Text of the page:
The CEO of Mercedes Benz, Ola Kallenius, told Bloomberg on April 29 that “new lockdowns in China, in Shanghai but also in other places in China affects the business and also the supply-chains in China but also globally.”

A senior executive from an international supplier that manufactures in China, India, and Vietnam warned in a South China Morning Post article on the same day that lockdowns in Beijing are making China less competitive for companies that have a choice and are constantly comparing business locations on metrics of stability, labor cost, and logistics.

“It is crucial that the current draconian Covid policies in China cannot be normalized,” she said. “The current strict epidemic prevention policy will make [Beijing] lose points in the future.”

According to a Nikkei Asia analysis reported on April 28, approximately half of the 200 top suppliers to Apple manufacture in the environs of Shanghai, where coronavirus lockdowns are some of the strictest in the world, including traffic restrictions and mass lockdowns when a single case is discovered. This, despite the relatively low fatality rates of, and difficulty controlling, the highly contagious Omicron variant.

The affected Apple suppliers range from iPhone and iPad assemblers “to makers of components such as displays, printed circuit boards, thermal parts, batteries and acoustic components,” according to the Financial Times.

Epoch Times Photo
Customers shop at apple’s flagship store for smart products on Nanjing Road pedestrian street in Shanghai, China, on Feb. 23, 2022. (Costfoto/Future Publishing via Getty Images)

The problems in China sourcing this month and last will continue affecting global supply chains throughout the summer, according to multiple reports. This will decrease the supply of finished goods and increase price inflation.

The remedy, according to some, will be higher interest rates offered by American and European governments to pull money out of the private economy. That will decrease demand for goods, bringing prices down but increasing the risk of business loss, unemployment, and recession.

Raising interest rates to target inflation makes more sense when the inflation is due to government overspending and overprinting of money. It makes less sense when due to supply issues. In the latter case, the remedy should be support of domestic industry, including, most importantly, where there are supply chain bottlenecks.

Suppose that money is pulled out of the economy through higher interest rates offered for government debt in the context of broken supply chains. In that case, the government should put money back into the economy through targeted subsidies of domestic manufacturing that provide the missing inputs.

In addition to COVID lockdowns in China, Kallenius mentioned two other impacts on Mercedes’ operations. First, the lack of microchips used in everything from toasters to cars; second, the Ukraine war, which threatens a supply shock if Russia turns off the gas.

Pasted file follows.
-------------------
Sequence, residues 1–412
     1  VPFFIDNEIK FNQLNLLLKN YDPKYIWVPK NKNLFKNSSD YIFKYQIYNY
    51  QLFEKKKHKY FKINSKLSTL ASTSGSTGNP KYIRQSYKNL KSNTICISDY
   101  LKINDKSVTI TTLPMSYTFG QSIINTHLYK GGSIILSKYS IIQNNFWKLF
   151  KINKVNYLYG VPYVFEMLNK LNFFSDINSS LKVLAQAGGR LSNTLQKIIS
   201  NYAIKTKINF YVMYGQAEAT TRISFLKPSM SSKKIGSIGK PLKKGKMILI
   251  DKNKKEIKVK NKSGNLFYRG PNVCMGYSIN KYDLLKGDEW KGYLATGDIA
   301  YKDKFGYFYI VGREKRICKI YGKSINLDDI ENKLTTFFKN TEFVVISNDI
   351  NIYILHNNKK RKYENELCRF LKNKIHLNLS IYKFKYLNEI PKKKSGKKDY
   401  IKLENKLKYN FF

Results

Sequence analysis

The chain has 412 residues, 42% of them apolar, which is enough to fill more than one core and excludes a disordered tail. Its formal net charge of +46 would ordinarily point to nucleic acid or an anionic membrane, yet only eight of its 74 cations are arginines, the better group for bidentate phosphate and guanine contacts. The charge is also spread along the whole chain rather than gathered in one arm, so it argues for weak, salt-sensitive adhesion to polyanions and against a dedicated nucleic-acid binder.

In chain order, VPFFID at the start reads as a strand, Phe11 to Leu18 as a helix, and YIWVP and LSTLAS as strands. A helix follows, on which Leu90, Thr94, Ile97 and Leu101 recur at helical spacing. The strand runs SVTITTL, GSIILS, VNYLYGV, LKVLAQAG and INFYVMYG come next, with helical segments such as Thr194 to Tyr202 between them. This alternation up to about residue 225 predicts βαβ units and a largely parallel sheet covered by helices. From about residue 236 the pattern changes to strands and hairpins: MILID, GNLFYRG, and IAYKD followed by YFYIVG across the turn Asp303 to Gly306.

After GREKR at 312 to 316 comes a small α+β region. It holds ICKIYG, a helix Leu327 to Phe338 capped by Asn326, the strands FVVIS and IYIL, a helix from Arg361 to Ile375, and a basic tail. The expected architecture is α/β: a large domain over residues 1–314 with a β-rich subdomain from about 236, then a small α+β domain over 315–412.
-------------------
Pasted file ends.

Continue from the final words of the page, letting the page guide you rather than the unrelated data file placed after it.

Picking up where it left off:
Kallenius said, “We work very closely with the German government” on energy independence as a “top priority.”

European and North American governments could also work closely with businesses to fix the mistake of too much offshoring and foreign sourcing. They should strategically subsidize supply chains to domesticize microchip manufacturing and decouple from China’s supply lines, in addition to sourcing energy from friends rather than adversaries.

Some have called for “reshoring,” while others add the need to establish supply line sourcing to allied nations. Europe, for example, cannot source its own hydrocarbons. The answer, to use a term minted by U.S. Treasury Secretary Janet Yellen, is “friend-shoring.”

That the Treasury department mints more than currency, during an inflationary period, is a good sign for business.

But left to themselves, businesses will almost always ignore the negative externalities of their sourcing to maximize profits. Improving their sourcing from a public good perspective requires moving the goalposts through the award of subsidies to companies that provide positive externalities and the imposition of tariffs on those that cause negative externalities. An example of a negative externality is the empowering of dictators caused by sourcing from Russia and China.

Subsidies and tariffs, known jointly as “industrial policy,” used to be dirty words among economists. After China’s lockdowns, the semiconductor shortage, and the energy crisis from Vladimir Putin’s war, it should be cleaned up and made ready to rumble.

Views expressed in this article are the opinions of the author and do not necessarily reflect the views of The Epoch Times.


Follow

Anders Corr has a bachelor's/master's in political science from Yale University (2001) and a doctorate in government from Harvard University (2008). He is a principal at Corr Analytics Inc., publisher of the Journal of Political Risk, and has conducted extensive research in North America, Europe, and Asia. His latest books are “The Concentration of Power: Institutionalization, Hierarchy, and Hegemony” (2021) and “Great Powers, Grand Strategies: the New Game in the South China Sea" (2018).